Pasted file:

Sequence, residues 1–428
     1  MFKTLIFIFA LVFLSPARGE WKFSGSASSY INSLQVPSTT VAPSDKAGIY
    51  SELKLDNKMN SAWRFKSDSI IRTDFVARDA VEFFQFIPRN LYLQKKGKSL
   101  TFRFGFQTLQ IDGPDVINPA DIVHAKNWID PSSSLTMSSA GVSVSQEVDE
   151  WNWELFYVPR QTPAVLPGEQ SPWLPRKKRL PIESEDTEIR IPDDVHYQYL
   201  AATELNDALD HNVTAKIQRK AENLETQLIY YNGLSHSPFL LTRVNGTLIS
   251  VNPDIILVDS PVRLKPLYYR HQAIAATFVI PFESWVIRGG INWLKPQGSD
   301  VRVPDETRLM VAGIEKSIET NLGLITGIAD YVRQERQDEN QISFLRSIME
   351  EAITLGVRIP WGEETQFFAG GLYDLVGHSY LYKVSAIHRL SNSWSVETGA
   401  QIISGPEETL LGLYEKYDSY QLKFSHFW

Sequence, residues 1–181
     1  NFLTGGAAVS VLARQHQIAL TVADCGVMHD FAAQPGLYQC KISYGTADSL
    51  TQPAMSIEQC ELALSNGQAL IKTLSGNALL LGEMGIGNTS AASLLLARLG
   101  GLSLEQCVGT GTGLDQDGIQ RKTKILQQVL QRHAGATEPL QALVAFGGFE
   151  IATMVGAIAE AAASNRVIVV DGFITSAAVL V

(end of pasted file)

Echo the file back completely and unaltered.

Sequence, residues 1–428
     1  MFKTLIFIFA LVFLSPARGE WKFSGSASSY INSLQVPSTT VAPSDKAGIY
    51  SELKLDNKMN SAWRFKSDSI IRTDFVARDA VEFFQFIPRN LYLQKKGKSL
   101  TFRFGFQTLQ IDGPDVINPA DIVHAKNWID PSSSLTMSSA GVSVSQEVDE
   151  WNWELFYVPR QTPAVLPGEQ SPWLPRKKRL PIESEDTEIR IPDDVHYQYL
   201  AATELNDALD HNVTAKIQRK AENLETQLIY YNGLSHSPFL LTRVNGTLIS
   251  VNPDIILVDS PVRLKPLYYR HQAIAATFVI PFESWVIRGG INWLKPQGSD
   301  VRVPDETRLM VAGIEKSIET NLGLITGIAD YVRQERQDEN QISFLRSIME
   351  EAITLGVRIP WGEETQFFAG GLYDLVGHSY LYKVSAIHRL SNSWSVETGA
   401  QIISGPEETL LGLYEKYDSY QLKFSHFW

Sequence, residues 1–181
     1  NFLTGGAAVS VLARQHQIAL TVADCGVMHD FAAQPGLYQC KISYGTADSL
    51  TQPAMSIEQC ELALSNGQAL IKTLSGNALL LGEMGIGNTS AASLLLARLG
   101  GLSLEQCVGT GTGLDQDGIQ RKTKILQQVL QRHAGATEPL QALVAFGGFE
   151  IATMVGAIAE AAASNRVIVV DGFITSAAVL V